The registration process involves sending a no commitment preregistration mail, using our contact URL, at: http://www.offensive-security.com/contact.php This mail puts you in a waiting list in order of mail arrival. You will then be sent a registration form in which we will collect several personal details (Name, Surname, Address , Contact Information and non free Email). In addition, you will be asked to fill out a very short questionnaire. You will be required to purchase or previously own suitable hardware for the course. Please visit http://www.offensive-security.com/wifu_hardware.php for more information. Once we receive the registration form it will be reviewed, and will be subject to our approval. If approved, you will receive a confirmation mail from us. Please note that we reserve the right to refuse Offensive Security training, at our discretion. Once payment is approved, you will be sent an email with links to the Offensive Security WiFu course materials.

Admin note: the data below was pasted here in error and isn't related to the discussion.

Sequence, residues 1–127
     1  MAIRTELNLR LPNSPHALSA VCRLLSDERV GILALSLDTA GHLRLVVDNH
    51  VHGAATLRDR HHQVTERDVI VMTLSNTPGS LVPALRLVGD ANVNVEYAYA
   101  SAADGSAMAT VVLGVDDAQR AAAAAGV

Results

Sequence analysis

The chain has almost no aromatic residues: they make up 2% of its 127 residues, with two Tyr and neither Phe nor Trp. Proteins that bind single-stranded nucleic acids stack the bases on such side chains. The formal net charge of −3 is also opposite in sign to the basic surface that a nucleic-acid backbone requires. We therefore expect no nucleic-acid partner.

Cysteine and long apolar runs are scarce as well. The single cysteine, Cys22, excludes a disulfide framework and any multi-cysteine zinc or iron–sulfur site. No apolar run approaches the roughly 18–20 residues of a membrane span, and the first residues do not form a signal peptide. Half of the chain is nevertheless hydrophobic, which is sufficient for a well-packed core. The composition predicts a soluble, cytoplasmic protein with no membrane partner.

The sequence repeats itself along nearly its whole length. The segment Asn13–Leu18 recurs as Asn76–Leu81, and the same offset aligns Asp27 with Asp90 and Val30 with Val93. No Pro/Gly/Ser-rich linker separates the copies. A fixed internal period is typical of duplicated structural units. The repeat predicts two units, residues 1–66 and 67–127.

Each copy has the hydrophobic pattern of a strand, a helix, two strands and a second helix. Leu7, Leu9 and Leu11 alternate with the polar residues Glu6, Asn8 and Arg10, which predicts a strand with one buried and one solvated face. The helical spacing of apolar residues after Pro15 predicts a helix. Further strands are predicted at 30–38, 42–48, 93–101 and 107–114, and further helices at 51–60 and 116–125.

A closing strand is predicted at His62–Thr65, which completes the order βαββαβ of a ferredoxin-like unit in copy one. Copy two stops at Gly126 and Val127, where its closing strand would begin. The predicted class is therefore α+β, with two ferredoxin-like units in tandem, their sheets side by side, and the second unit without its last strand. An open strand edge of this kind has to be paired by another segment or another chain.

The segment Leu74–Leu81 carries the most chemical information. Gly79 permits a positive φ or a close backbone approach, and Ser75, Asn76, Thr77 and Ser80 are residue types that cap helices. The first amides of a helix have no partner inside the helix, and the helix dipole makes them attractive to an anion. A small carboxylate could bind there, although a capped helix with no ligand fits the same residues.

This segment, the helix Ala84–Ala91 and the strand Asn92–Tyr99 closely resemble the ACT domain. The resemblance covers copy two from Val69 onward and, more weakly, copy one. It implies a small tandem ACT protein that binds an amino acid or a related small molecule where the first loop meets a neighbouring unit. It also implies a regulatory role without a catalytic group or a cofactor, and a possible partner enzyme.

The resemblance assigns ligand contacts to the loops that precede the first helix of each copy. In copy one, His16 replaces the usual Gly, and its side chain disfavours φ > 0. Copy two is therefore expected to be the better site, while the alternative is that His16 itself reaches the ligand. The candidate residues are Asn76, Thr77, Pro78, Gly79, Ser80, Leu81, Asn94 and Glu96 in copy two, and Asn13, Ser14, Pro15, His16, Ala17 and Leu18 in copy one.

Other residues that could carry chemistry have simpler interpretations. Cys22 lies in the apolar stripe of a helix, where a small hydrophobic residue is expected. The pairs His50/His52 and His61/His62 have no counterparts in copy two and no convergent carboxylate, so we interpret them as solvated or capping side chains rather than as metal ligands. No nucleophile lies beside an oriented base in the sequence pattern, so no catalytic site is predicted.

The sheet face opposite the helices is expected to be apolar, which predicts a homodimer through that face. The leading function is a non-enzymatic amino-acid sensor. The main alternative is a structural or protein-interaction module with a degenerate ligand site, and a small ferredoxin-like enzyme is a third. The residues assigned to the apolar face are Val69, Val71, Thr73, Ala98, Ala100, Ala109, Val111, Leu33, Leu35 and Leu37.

All rights reserved to Author Mati Aharoni, 2007

Offensive Security Wifu Course Overview


Please note that the WiFu videos begin from module 5 in the syllabus. Definitions, diagrams and capture dumps are not discussed in the videos. The following is a course outline describing the main topics discussed:

A note from the author Before we begin 1. IEEE 802.11 1.1 IEEE 1.1.1 Committees 1.1.2 IEEE 802.11 1.2 802.11 Standards and amendments 1.3 Main 802.11 protocols 1.3.1 Detailed description 1.3.1.1 IEEE 802.11 1.3.1.2 IEEE 802.11b 1.3.1.3 802.11a 1.3.1.4 802.11g 1.3.1.5 802.11n 2. Wireless networks 2.1 Wireless operating modes 2.1.1 Infrastructure Mode 2.1.2 Ad hoc network 2.1.3 Monitor mode 3. Packets and stuff 3.1 Wireless packets - 802.11 MAC frame